'asked to ...'?
    'may not get the care'?

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  • This is only one reason Nurses may get compassion fatigue.

    There are far too many patients, nowhere near enough staff, too much workload, being expected to do jobs far outside our remit because noone else is available with little or no thanks, crap pay, being underappreciated by staff and the public who we treat, abuse from patients, no support from 'management' for any problems, the bullying culture, ridiculously long hours, compounded with unpaid and unthanked overtime that we are 'expected' to do (because if we don't jobs get left undone and patients are at risk of course), constant annoying 'initiatives' from management and the fecking government that do nothing but increase our workload, constant stories in the press that Nurses essentially are all pure evil and the NHS is killing everyone, crap pay, crap pay, and crap pay. etc etc etc.

    I'm sure people could add many more too this list but I couldn't be bothered.

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  • Ditto to the above comment - well said.
    I echo and agree with the other comments here. I live and work in the west country where bed numbers have been desimated over the last few years, always with the mantra that they are no longer required as people get treatment and care nearer home!! Utter tosh, its money pure and simple - good care is a side effect not the true aim! Year on year lack of capacity is a major problem - hence patients without bed spaces. The winter pressures are now a year long problem, but still we are fed the same old rubbish. I just wish some of our managers would stand up and say enough is enough...but that is a risky stance to take as they only want yes people in this arena.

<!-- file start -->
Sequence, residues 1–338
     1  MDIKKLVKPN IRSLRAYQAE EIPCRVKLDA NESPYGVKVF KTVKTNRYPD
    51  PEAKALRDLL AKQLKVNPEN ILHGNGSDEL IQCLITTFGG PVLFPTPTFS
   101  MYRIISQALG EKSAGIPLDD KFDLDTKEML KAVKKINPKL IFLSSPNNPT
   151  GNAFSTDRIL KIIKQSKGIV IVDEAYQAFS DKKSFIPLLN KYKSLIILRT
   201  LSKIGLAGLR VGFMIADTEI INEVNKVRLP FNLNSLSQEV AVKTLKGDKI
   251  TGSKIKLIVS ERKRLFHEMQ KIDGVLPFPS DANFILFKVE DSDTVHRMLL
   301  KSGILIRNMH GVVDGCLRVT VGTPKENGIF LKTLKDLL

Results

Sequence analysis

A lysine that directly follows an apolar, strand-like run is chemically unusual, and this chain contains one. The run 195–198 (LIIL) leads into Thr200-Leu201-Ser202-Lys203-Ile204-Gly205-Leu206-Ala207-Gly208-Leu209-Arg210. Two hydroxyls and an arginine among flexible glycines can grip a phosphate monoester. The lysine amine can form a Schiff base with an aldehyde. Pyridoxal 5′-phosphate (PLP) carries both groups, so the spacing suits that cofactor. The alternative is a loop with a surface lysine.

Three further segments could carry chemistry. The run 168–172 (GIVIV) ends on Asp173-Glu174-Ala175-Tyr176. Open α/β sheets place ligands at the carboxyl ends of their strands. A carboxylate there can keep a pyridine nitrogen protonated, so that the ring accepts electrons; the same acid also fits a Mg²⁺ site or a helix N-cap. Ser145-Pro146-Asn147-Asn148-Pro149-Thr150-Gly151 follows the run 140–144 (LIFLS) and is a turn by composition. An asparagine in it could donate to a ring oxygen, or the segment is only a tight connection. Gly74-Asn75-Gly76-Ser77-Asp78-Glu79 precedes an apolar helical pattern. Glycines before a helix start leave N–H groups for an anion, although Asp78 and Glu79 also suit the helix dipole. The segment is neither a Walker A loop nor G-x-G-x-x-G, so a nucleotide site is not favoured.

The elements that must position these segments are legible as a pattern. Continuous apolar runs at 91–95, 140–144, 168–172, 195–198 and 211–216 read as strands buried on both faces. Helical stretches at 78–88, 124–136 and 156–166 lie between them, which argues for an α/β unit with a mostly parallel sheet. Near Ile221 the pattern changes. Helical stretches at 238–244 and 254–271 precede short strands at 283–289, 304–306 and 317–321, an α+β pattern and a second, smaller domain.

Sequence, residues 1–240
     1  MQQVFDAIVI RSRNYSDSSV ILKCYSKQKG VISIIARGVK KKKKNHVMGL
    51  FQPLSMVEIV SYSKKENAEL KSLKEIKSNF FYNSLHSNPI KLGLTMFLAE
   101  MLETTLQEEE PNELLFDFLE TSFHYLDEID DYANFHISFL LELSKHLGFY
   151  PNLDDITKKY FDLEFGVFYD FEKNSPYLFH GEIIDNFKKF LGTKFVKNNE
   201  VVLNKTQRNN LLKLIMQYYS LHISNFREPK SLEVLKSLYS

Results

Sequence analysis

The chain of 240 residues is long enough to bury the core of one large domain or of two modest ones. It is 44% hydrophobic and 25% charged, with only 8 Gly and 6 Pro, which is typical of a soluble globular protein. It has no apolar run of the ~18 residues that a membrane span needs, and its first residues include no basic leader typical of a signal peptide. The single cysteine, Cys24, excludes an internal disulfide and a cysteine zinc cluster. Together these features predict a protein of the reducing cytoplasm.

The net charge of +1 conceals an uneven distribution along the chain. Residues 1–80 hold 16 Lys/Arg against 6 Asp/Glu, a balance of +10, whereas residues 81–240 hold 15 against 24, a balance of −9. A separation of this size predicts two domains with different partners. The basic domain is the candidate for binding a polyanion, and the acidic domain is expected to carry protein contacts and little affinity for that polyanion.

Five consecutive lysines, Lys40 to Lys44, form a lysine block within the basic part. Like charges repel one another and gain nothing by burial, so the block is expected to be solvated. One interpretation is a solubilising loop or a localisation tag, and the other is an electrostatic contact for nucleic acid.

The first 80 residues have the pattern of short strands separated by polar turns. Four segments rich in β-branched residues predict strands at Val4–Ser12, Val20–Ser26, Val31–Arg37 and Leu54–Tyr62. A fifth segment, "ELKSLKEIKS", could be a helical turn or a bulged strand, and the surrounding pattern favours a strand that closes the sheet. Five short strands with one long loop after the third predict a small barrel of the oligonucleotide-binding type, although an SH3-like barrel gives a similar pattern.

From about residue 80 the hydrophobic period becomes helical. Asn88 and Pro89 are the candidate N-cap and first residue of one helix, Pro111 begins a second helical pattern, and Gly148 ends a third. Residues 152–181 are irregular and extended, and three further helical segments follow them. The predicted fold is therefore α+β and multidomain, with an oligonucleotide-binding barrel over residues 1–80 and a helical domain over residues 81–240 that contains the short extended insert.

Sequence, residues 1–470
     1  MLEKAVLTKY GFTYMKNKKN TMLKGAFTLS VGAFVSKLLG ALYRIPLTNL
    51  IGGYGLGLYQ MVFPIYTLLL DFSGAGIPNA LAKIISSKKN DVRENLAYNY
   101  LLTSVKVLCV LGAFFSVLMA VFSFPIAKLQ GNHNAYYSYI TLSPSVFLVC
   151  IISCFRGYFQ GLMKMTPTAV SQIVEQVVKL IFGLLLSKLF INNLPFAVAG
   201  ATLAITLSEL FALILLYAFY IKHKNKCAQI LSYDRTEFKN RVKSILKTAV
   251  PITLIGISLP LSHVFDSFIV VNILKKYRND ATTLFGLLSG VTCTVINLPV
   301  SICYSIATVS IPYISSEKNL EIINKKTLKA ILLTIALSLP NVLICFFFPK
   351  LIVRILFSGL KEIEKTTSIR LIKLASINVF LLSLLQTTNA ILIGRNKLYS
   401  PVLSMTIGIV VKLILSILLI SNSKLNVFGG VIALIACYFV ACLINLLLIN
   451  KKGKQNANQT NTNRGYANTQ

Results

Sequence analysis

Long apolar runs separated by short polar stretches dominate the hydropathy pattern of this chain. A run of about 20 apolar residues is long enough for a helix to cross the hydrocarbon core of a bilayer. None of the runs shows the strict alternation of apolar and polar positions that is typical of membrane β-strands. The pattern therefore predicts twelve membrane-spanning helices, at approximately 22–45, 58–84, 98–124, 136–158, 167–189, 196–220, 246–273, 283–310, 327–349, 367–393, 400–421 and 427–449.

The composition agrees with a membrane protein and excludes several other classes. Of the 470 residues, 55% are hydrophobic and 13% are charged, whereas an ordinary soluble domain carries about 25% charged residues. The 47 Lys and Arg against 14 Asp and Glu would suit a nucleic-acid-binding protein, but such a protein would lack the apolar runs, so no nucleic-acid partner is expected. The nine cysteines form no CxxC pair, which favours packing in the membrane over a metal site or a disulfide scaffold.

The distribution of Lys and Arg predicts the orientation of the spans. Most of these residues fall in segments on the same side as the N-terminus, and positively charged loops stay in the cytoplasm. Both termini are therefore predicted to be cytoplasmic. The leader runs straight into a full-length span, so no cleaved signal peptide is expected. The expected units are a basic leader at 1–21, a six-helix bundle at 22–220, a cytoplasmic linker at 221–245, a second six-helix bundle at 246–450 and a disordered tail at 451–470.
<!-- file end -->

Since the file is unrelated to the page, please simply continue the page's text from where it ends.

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  • when are we going to see an end to .Management obsession with achieving set targets,both in patient flow and finances, is the most prominent cause of reduced quality of care and paient dissatisfaction.They totally ignore the logistics of bed allocation ,if you have 100 beds you cannot stretch them to 200 patients -simple arithmetic.And it solves no problem to discharge too early to accomodate more.
    In our trust the patients appear to be in a revolvng door siuation -many being re-admitted because they were discharged too early in orderto maintain the flow.
    However it is false to say that nurses have a compassion deficit -in my experience- we know what is wrong and we still strive to provide quality care.Obviously it is becoming more and more dificult to do this in the current climate but it is insulting to say that nurses normalise the situation, because we definetly do not.
    The main problem we are faced with is that money is a priority over patient care -rgo it is the managemnt who are normalising lack of care and compassion.